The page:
It can be said that in many ways, a look at the state of oil serves a great illuminating function, in elucidating the nature of the problems facing socialist governments in South America, and which has led to the electoral crippling of the “pink tide”. From the impact of falling commodity prices to the corruption scandals and cynical instrumentalizing of state oil companies (which could be said of both Brazil and Venezuela particularly), some patterns become evident. Perhaps the tragic irony of it all is that the Left’s undoing has been something of a mirror image of what free-market fundamentalists had done in the 90s and before; namely that if the latter had secured ill-gotten gains from hand-picked beneficiaries by selling off public assets and so on, what the Left did was but a socialized version of this-whereby state companies become personal ATM machines, and political weapons for consolidation of power and private enrichment.
Yet, a more level-headed consideration of the triumphs and failures of the “pink tide” wouldn’t be found at the pages of The Economist, or similar publications which have lacked in nuance on this question, to say the least. Colombian columnist and analyst Andres Cala for instance, argues that while setbacks are very real, and that indeed the Right has mobilized to challenge reigning governments, it’s unlikely that the event of a change of direction would reverse all the accomplishments of the past 15 years or so. Cales states that burgeoning right-wing movements would be “more Wall Street-friendly, and challenge policies that have institutionally handicapped them, such as appointments to the courts and limits on press freedoms” but that nevertheless they lack “the political mandate to undo years of economic devolution from old concentrations of wealth.”
The scenario of political succession however is by no means uniform across the continent, while general features point to a picture of greater institutional stability than before, with elections being conducted without a serious risk of a coup d’etat depending on the outcome, nevertheless the individual marks of leadership styles have revealed great contrasts in the prospects for political solutions to crisis.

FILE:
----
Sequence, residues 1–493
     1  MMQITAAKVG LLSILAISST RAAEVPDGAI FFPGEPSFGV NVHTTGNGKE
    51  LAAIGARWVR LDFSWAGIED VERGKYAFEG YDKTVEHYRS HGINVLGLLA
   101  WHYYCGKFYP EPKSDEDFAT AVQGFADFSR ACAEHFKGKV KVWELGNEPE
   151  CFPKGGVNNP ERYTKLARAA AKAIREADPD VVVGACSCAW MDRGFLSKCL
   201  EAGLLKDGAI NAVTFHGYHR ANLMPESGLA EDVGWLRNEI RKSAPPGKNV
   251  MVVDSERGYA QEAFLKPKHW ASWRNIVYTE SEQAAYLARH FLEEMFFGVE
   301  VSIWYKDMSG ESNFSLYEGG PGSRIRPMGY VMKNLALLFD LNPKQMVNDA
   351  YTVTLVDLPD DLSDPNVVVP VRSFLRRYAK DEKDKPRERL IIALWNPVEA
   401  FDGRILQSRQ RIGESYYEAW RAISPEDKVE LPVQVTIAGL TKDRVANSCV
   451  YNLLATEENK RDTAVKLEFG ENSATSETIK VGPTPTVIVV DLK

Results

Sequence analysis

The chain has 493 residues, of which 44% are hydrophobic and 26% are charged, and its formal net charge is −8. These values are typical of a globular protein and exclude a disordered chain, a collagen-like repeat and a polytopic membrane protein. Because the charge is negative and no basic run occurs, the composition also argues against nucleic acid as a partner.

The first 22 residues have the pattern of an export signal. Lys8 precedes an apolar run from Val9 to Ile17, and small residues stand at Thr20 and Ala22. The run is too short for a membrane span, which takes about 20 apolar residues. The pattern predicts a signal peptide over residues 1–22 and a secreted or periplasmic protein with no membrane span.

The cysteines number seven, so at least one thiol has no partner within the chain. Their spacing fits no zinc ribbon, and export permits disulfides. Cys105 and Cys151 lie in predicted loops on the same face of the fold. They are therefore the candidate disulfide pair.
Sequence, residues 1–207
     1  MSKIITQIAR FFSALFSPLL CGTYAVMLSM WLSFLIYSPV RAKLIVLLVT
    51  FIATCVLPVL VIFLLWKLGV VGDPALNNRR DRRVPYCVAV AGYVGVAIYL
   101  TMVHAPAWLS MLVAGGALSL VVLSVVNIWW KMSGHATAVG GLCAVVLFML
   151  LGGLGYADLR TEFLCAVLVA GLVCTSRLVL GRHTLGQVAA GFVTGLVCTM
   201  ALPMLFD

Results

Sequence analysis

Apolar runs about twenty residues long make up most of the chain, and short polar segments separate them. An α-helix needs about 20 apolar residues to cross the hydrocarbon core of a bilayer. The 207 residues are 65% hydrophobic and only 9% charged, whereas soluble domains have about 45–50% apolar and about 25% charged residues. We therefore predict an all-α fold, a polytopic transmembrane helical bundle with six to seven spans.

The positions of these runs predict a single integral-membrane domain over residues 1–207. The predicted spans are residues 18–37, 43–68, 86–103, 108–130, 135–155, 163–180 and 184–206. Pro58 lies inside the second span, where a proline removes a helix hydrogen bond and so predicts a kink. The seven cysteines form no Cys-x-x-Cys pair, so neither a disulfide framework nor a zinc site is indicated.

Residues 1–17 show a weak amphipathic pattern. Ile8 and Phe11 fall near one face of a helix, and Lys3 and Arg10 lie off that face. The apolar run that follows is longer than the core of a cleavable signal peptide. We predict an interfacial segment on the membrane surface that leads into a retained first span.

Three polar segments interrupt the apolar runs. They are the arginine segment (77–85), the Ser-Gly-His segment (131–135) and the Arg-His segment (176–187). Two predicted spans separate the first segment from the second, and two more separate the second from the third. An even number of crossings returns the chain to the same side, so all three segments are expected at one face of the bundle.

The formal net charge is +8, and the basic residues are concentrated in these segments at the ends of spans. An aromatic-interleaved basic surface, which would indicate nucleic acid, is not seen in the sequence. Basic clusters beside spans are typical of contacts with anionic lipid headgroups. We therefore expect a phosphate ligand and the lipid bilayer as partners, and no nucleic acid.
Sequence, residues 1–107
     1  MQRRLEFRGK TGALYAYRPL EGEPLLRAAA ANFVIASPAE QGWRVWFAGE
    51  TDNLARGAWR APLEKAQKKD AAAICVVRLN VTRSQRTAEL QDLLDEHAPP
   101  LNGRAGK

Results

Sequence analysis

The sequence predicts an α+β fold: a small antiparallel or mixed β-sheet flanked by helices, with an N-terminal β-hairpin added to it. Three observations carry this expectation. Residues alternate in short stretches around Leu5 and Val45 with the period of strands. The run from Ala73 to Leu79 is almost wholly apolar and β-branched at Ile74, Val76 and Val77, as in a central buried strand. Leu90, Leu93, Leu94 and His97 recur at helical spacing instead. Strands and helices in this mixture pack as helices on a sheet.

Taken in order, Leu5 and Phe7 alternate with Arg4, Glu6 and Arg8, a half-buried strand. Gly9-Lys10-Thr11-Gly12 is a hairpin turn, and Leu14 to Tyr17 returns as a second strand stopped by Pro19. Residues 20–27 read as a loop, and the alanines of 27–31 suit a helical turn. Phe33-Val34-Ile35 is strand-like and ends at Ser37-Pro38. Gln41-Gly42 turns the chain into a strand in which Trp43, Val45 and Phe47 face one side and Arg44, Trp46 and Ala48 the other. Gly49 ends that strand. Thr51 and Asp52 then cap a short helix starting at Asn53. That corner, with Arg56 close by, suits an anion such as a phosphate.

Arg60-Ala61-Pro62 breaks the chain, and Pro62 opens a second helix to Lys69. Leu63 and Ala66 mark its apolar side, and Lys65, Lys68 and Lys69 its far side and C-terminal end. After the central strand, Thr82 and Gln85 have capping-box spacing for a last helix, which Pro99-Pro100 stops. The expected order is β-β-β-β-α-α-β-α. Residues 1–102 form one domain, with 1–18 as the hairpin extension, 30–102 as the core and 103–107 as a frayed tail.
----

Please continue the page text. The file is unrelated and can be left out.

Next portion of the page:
In the case of Brazil, there has been recognition for instance, that the very fact that independent investigations by the federal police and public prosecutors into the corruption scandal have been conducted freely and fearlessly, not shying away from targeting heavyweights and big names, testifies to a greater degree of maturity and progress in the country- that wrongdoing is no longer hidden away and ignored, but at last is being dealt with.
On the other hand, places like Venezuela have suffered from Maduro’s vacillating and clumsy leadership, given he has so far dealt with adversity by imprisoning opposition figures (charged with ‘coup plotting’), and has reacted truculently to challenges from his newly-elected legislature to solve the economic crisis or be removed from power- instead of constructive efforts, Maduro’s response has been to mobilize the arms of the Venezuelan state which have been stacked with chavistas, like the courts, to paralyze any opposition to his rule.
So perhaps it’s all ultimately a mixed bag, the days of the “pink tide” may well be over, in that its unlikely that Peronistas, Chavistas, Lulistas, and their fellow travelers will ever again enjoy the reputation they could boast of a few years back, due to incompetence and bad luck. Yet its true that the Latin America they have nurtured, defined as it is by its own voice in the world out of the shadow of the United States, and with a political culture that is democratic and generally stable and functional are accomplishments that a more prosperous and more demanding citizenry wouldn’t turn their backs on willy-nilly. In any case, admirers of the movement might find some comfort knowing that while Latin-American socialism might seem moribund at home, it has perhaps found a new unlikely home in Vatican City at least.